And as far as the time when we sit and do something Kate’s not interested in… that goes against what our beliefs are in regards to children and learning. I mean, you, dear reader, you can believe what you like. I’ve got zero issues with that. You and I might have some crossover, or we might have none. Every person, every family is different and I think that’s wonderful.

For us, for me, I’m not comfortable with forcing Kate to do anything like this (especially considering her temperament). And when it comes time to learning, we’ve chosen this more whole-life learning approach where things like reading are simply part of our life, from reading books together (which Kate is slowly allowing me to do), to her playing video games (which has been a wealth of reading already for her), and even Kids YouTube, which she loves.

So, I know the reading and learning is happening and I love it, and I trust in it.

But at the same, I want to support her language growth, but in a way that’s natural and playful and really just fits with who we are as a family.

The only “forced” time I have is when I ask Kate to play a board game. And she loves it. She’s intrinsically motivated because she sees her daddy and me play board games all the time. And she loves the connection time. Besides, board games have been great because while I’m not “forcing” her to play, I am “enforcing” the rules (with some latitude of course). Meaning: this is how the game plays, and no, you can’t just flip over the dice because you didn’t like the outcome. It’s been great for her learning. We’re doing counting and colors in a way that’s natural and playful, and something we both enjoy.

I’m struggling with the reading part, and I have an appointment coming up with our professional (who I know will be pushing the reading and learning part on me again). So, I asked for help from the community around me, both from our homeschool group and other parents of late-talkers (who also homeschool).

And I got help.

I really, really did.

I’m absolutely blessed by this incredible wealth of knowledge from my local homeschool community, parents who have children grown and reading, who also followed this same learning-style approach that we are following.

I think the hardest part of walking this different path, of being my kids’ primary speech partner and also homeschooling (and following the child’s lead when it comes to learning), is the professionals. Sometimes, because of my own upbringing, I get a lot of anxiety. I feel pressure because they don’t necessarily believe in our choices as parents. And it’s hard shedding my thirty-five years of being trained that professionals know best. They know what’s right and what’s wrong and what could I know? I’m only a mother.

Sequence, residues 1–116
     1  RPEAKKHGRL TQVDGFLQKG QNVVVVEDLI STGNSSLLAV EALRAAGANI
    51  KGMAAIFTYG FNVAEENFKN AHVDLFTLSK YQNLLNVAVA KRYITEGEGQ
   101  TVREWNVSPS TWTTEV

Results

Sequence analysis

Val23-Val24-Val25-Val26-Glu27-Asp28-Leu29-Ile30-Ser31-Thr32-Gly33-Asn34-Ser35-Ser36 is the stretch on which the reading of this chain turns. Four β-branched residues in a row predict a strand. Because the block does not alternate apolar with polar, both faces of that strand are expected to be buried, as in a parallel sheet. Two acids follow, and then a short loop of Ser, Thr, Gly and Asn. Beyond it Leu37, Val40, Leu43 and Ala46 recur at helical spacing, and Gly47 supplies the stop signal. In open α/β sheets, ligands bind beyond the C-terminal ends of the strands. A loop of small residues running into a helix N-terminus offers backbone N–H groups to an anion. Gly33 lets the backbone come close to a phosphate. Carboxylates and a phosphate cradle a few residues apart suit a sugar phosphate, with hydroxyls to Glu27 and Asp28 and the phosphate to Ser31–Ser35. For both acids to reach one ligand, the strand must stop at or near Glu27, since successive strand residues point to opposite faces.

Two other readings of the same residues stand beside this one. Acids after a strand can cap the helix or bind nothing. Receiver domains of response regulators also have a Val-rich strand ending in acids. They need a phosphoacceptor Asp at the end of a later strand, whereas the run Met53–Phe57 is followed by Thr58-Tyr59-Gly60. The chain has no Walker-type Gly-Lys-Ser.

That’s right. I’m only a mother.

The mom of Kate and Eric. No one else is. No one else is around them, 24 hours a day like I am. No one can understand Kate’s words and what she’s saying better than me.

I am the expert on my kids.

It’s hard to keep strong in that belief sometimes. Sometimes this mantle of parenthood feels really, really heavy. And scary. Because I want what’s best. I may be wrong at times, I may make mistakes, but I’m listening to myself. I’m listening to my kids.

I’m trying my best to follow what feels right for us.

And as one mom reminded me, do I regret those moments where I’ve put my foot down and stood up for my child?

The answer is simple: no.

I’ve never regretted it… but I have regretted those times when I didn’t go with my mommy gut, when I didn’t go with what felt right.

So, do I have an answer yet for Kate and reading, to help her with the sight words in a fun and playful way?

Not really.

At least, not yet.

When I asked for help and support from the community around me I got lots of suggestions. So many that my introvert brain needs a good while to process through each of them, to really delve deep and see what possibilities these suggestions could bring. Would they work, or wouldn’t they? And for our family?

And that’s partly the answer right there. I don’t know yet because we haven’t tried.

Kate hasn’t tried.

And I think that’s ultimately what this journey will look like. First off, trusting we have words and learning in our every day life, which I do believe in. And then, finding ways that help promote this learning, ways that simply fit right into our natural way of living that’s fun, that we both want to participate in.

That’s the key and really, it’s going to be trial and error.

But the great thing is I do have so many options and there are many who are willing to help me out as we figure out this funky bridge I need to walk, trusting in the learning, and helping it along. But even better than that, I’m not feeling as scared.

And really, that’s what this is all about: fear.

Afraid of being wrong, afraid of doing something that deters my child’s growth and learning. That’s where the self-doubt and critique and judgment comes in. And this time, at this moment, it doesn’t have so strong a hold over me. Sure it’ll be back. I might even feel it after I get off the call with the professional who believes there’s only one way of learning, while I believe in another. But not right now. Right now I’m feeling more settled, in a place of peace and trust.

Because I’m not alone.

Because I’m not afraid to learn, to take suggestions from others (including our professional). And then, to try and try again.

Because, everything I’m doing, is out of love. And you really, really can’t go wrong when you’re coming from a place of complete joy and love. And honestly, that’s what Kate has taught me, every day I hear her speak and her beautifully unique voice.

Trust in yourself.

Trust in your children.

Trust in love.